I sat at the dinner table quietly seething with rage. The first time my husband and I were able to eat together in a week, and there he sat, the chicken getting cold and the white wine getting warm, mid anecdote, as he answered a “quick” work email on his iPhone. Finally, I couldn’t take it anymore. “Can’t this wait until after dinner? Plus, it’s after hours! You can answer it later! Don’t you think you’re being…” Buzzzzzzz. It was my own phone ringing, indicating I had a message. “Go on, answer the email,” my husband laughed. I tried to resist. I was, after all, in the middle of proving a very important point. But my eyes were already drifting to the screen. I couldn’t stop myself. I had to answer that email. Read the entire blog....

Posted by on in Apartment Investment
You’re probably reading this because you’re as addicted to click-bait quizzes as most people on social media. In real estate, however, all those investor personality quizzes won’t do you much good. Spoiler alert: there are two investor personality types, and you can be both at any given moment. Personality A: The Wealth-Builder Property investors who play it smart earn 12-30 percent ROI, depending on risks and market timing. That’s a sizable advantage over stock market investment returns, which average about 3-9 percent annually. Real estate investing builds wealth, and more risky strategies like flipping can build it more quickly. Investors who are risk-averse, however, might stay more in the second personality type most of the time. Personality B: The Retirement Plan Long-term investors are those who are focused on building wealth for the long-term, specifically, for retirement. Creating a portfolio that will make ends meet after going on a fixed income is a naturally risk-averse venture—no one wants to bet their future on something that might result in a loss. Retirement Planners opt more often to buy and hold safer investments, staying out of the property trading arena as much as possible. How To Be Both A and B Different seasons and goals may require diversification of an investment portfolio. Just like when investing in the stock market, it’s a good idea to periodically re-evaluate your goals, portfolio growth, and income potential and take a multi-faceted approach to real estate investing. As long as you stick with the tenets of smart...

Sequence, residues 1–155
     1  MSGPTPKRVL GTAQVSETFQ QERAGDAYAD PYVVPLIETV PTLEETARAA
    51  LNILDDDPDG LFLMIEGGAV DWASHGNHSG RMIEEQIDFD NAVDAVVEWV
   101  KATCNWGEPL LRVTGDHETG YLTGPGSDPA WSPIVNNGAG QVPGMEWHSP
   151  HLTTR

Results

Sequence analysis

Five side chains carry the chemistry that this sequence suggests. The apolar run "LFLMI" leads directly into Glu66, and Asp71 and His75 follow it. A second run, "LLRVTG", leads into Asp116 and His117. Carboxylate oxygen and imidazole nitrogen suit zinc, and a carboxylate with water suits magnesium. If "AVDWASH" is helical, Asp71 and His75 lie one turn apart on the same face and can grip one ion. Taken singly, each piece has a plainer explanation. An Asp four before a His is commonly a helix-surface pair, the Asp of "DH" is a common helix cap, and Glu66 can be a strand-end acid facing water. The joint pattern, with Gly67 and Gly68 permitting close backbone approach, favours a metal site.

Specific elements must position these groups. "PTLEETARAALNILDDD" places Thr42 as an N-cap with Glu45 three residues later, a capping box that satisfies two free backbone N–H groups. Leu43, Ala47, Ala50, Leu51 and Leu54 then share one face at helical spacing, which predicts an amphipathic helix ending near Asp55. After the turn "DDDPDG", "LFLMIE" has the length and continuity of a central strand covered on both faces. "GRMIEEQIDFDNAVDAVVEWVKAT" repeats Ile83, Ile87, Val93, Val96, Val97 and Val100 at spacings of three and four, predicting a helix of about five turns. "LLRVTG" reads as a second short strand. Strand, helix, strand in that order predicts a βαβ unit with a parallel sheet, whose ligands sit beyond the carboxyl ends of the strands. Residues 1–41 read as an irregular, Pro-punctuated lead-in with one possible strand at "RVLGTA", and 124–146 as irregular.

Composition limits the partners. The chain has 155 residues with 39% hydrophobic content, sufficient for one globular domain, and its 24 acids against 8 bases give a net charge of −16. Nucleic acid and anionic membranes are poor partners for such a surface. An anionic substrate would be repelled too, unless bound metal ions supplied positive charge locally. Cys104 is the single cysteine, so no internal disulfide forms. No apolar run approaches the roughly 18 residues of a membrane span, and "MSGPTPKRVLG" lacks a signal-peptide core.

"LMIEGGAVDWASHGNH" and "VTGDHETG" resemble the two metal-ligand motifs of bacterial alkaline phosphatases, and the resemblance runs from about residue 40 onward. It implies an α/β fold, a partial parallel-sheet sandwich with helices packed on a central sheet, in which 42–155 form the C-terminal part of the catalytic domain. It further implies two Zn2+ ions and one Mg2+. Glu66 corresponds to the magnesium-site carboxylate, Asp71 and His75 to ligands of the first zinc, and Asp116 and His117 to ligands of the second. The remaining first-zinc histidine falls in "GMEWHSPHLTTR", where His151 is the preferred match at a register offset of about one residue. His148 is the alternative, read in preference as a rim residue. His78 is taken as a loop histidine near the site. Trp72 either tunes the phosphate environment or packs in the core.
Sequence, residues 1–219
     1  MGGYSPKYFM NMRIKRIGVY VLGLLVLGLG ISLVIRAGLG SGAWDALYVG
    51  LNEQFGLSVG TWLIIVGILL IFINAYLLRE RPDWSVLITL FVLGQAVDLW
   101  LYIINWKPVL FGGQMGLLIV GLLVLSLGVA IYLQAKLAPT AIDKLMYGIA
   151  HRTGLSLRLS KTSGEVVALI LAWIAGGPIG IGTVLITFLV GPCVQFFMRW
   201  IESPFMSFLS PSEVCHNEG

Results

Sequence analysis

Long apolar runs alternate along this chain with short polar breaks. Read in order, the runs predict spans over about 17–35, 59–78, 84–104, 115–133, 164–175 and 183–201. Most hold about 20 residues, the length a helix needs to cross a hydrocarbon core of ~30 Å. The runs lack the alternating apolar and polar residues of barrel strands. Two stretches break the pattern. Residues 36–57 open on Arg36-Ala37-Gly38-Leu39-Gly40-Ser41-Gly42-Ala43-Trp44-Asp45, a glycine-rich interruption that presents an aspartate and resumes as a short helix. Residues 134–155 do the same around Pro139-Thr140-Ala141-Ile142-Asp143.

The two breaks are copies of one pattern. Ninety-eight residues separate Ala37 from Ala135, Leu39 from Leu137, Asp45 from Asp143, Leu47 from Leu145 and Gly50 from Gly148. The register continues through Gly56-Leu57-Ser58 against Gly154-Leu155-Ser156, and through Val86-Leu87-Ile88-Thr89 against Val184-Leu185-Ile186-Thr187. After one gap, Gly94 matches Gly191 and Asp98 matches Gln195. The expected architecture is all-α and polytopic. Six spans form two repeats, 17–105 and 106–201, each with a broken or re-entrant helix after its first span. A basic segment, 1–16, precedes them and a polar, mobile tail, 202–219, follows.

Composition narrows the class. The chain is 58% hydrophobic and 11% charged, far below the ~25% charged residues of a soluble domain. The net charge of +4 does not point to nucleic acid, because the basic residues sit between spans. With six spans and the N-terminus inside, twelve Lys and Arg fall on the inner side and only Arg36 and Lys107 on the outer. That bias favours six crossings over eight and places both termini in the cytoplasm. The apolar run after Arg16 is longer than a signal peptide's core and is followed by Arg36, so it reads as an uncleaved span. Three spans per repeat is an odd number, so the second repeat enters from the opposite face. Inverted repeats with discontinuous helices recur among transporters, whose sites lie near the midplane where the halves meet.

Posted by on in Property Management